9.6: Visualization of Transcription and Translation in Bacteria
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The above figure is an Electron micrograph courtesy of O. L. Miller, Jr., B. A. Hamkalo, and C. A. Thomas, Jr. It shows simultaneous transcription and translation of E. coli genes. The long fiber running from top to bottom (green arrow ) is a segment of the E. coli chromosome. Extending from it are polysomes (red arrow), the size of which generally increases from top to bottom. Each polysome consists of a backbone of messenger RNA (mRNA) to which the ribosomes are attached.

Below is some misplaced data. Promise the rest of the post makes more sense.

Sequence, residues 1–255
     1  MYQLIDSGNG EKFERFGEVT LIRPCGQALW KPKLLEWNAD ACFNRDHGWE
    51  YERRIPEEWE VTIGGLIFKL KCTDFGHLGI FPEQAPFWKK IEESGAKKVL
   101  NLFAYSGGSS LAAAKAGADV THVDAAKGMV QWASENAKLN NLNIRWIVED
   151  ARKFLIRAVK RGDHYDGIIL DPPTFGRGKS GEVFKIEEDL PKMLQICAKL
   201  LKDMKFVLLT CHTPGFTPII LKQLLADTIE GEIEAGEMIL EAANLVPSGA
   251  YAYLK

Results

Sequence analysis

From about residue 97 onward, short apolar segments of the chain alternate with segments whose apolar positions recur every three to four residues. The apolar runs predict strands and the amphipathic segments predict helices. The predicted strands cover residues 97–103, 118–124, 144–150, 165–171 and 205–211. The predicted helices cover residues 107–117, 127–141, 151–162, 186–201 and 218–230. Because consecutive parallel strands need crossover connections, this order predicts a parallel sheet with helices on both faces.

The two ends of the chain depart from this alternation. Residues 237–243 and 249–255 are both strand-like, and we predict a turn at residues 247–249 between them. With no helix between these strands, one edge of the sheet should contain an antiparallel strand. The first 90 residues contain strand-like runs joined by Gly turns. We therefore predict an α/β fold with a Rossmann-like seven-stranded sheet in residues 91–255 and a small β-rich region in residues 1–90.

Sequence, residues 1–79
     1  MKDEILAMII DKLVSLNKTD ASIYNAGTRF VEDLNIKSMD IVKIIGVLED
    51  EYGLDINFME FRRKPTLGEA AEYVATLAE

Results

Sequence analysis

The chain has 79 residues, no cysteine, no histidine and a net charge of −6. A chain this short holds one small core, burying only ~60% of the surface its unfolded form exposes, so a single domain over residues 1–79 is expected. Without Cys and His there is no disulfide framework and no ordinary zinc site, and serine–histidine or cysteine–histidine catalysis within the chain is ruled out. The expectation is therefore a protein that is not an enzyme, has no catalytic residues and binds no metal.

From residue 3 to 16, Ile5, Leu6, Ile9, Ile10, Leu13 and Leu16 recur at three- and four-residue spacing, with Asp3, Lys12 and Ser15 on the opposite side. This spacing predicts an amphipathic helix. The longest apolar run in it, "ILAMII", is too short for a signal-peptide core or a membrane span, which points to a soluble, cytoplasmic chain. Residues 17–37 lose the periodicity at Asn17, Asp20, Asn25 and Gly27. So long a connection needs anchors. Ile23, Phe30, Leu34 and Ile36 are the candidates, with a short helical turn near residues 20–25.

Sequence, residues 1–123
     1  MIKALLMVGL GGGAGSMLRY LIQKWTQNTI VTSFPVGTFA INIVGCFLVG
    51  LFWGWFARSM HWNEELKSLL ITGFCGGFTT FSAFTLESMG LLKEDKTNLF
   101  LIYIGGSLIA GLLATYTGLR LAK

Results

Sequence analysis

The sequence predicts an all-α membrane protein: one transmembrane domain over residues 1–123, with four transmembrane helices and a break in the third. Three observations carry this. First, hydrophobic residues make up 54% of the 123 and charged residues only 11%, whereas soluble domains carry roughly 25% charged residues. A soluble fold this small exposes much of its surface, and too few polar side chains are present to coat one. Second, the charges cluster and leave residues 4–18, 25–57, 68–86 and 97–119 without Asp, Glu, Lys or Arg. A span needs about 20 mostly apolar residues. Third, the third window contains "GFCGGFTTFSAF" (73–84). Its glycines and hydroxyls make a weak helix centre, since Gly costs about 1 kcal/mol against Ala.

Each polysome is attached to the DNA fiber by a complex of proteins that includes a molecule of RNA polymerase. Thus the DNA is transcribed by RNA polymerase molecules moving from top to bottom, and the growing mRNA molecules are translated by ribosomes moving in a proximal -> distal direction. IIn E. coli, then, and probably in all bacteria, the transcription of DNA into mRNA and the translation of mRNA into polypeptides (not visible here) are closely coordinated in both time and space.
In eukaryotes, in contrast, while all transcription takes place in the nucleus, most (but not all) translation of mRNA occurs later in the cytosol.